Carnage headlines are the worst, but like most situations too horrible to wrap our heads around, it’s usually easier to conjure up reasons it couldn’t happen to us. Except, sometimes you can do everything right and still pay far too high a price due to someone else’s actions.
Last Sunday night, 9:30 pm. A . A 34-year-old man in a Corvette allegedly following too closely, and made the last unsafe lane change he would ever make and clipped a transport truck. That truck driver lost control, entered another lane and hit a Mazda, then the guard rail.
A 77-year-old female passenger in the Mazda died. The driver of the Corvette died. Both cars were destroyed — it’s hard to look at the scene. It’s brutal to calculate the sheer stupidity and selfishness of that Corvette driver. Not supposed to speak ill of the dead? Too bad. I will reserve every ounce of my sympathy for that poor woman in the Mazda, whoever was driving that car, and that trucker. I’d be remiss not to also note — and thank — the first responders who are daily faced with this grim waste of human life. We should stop looking at movie screens for our heroes.
We’ve all been on the road with an idiot like that ‘Vette driver. Maybe they’re riding your rear bumper, pulling out and cutting you off and leaving you shaking. Maybe they’ve come up behind you out of seemingly nowhere and blasted past you. You shake your head, maybe your fist, and curse how easy it is to get a licence, how lax the policing is. But is there anything you can actually do?
There are some things. Nothing is foolproof, but there are things you can do.
- Stay out of the passing lane unless you’re passing someone, and make sure you have the room and speed to pass if you do. Seems easy enough, but it’s the number one topic you can rile up drivers with. If we’re talking about keeping you safe, then lessen the opportunities for someone to tangle with you. Keep to the right. Let them fly on past you. No, this doesn’t stop those passing on the right and the shoulders; it just puts you in the best spot on a roadway of bad ones.
- Do not be distracted. Know what’s going on all around you. As a rule, very few people use their mirrors frequently enough. Moitruongvietnam becomes a habit, and as we age, those habits get entrenched. An old friend of mine was a top Canadian race car driver. When I drive with him, I’m always amazed that he knows the position and speed of every car around him — ahead, beside, behind. He has spidey-senses for what people are going to do, and that is his gift; he’s long retired but his skill as a driver is unmatched. I can only try to imitate his awareness, but being cognitive of their surroundings is the only thing that has kept any species alive, ever.
- Run away. Don’t engage. You don’t want to be anywhere near a loose cannon, nor do you want to give them a piece of your mind or a driving lesson. Get out of their way however you can. Any jerk with cash, a good credit rating or an indulgent parent can pilot an explosively powerful car, but that doesn’t mean they have any clue how to handle it. If you’ve profiled one of these pretenders on the road with you, you can’t change their actions, only your own. Resist the temptation to stand your ground. Take an exit if you have to; your nerves are worth a slight delay, your life even more.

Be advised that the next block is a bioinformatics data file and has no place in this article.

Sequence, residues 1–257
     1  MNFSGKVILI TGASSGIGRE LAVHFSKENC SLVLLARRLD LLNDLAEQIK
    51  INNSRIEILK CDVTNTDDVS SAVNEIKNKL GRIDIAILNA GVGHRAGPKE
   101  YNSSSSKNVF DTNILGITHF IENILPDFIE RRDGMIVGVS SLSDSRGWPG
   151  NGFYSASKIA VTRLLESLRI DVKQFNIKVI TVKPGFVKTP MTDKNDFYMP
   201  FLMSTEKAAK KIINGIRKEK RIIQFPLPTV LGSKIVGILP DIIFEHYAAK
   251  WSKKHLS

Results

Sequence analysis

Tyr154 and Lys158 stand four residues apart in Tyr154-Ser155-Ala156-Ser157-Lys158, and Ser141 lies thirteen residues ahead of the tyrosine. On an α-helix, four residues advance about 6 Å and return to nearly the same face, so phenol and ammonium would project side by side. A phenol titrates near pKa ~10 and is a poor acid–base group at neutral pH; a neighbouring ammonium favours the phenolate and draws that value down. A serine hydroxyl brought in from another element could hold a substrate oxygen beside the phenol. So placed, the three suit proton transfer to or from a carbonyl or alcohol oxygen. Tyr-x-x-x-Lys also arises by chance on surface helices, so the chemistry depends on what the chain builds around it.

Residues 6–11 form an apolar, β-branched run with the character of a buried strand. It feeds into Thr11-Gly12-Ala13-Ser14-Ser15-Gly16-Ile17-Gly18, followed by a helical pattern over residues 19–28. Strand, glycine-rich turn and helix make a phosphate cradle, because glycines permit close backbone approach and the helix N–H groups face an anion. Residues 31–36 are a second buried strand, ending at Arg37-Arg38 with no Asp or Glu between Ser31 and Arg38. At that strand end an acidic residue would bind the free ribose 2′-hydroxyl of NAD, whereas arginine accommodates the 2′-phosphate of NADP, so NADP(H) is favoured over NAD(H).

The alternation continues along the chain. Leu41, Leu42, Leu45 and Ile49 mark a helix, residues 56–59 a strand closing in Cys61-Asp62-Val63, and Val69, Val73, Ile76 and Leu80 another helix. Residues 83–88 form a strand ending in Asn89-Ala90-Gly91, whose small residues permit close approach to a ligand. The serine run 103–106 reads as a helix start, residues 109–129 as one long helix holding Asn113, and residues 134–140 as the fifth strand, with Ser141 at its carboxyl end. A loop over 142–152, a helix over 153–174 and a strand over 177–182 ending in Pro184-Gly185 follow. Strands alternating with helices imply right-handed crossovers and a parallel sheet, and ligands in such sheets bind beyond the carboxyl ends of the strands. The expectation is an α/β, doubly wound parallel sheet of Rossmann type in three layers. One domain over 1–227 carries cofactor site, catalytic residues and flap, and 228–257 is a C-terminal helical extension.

- Call it in. In Ontario, it’s *OPP, the rest of Canada it’s 911. If you’re actively avoiding another driver, have a passenger call in a description, or exit and do so. Note your location and speed if you can. Other cars will be calling, but if you want these creeps off your highways, gang up on them.
- Consider getting a dashcam. When horrific crashes like the Mississauga one occurs, police always want to know what was going on before it happened. , or who you’ll help take off the road before they kill someone.
- Talk to your kids. The showboats are often younger males (, , , , oh hell, . It’s why their insurance rates are so high). Make sure your kids know how to get out of a car being driven dangerously, whether it’s an excuse or a delaying tactic. If you’re the passenger of a dangerous or erratic driver and they won’t let you out, call 911 yourself. Or text a friend your location and have them call police. Don’t be a passive participant in a deadly game.
Much of what happens on our roadways is about chance. That Corvette cut off a lot of people who lived to talk about it. We are driving powerful machines that can save a life or cause a death in an instant. We need police to get rid of the reckless drivers, but we also have to be constantly, critically aware of what’s happening as we drive.
I will get letters now asking why manufacturers have to make cars that go faster than speed limits, and I will explain that cars are not guns. Millions of us use cars every day, safely and for their intended use: to take us where we need to go. They become weapons in the hands of the reckless, and a car that can only go 100 km/h can still go 100 km/h in a school zone. It’s the behaviour, not the vehicle.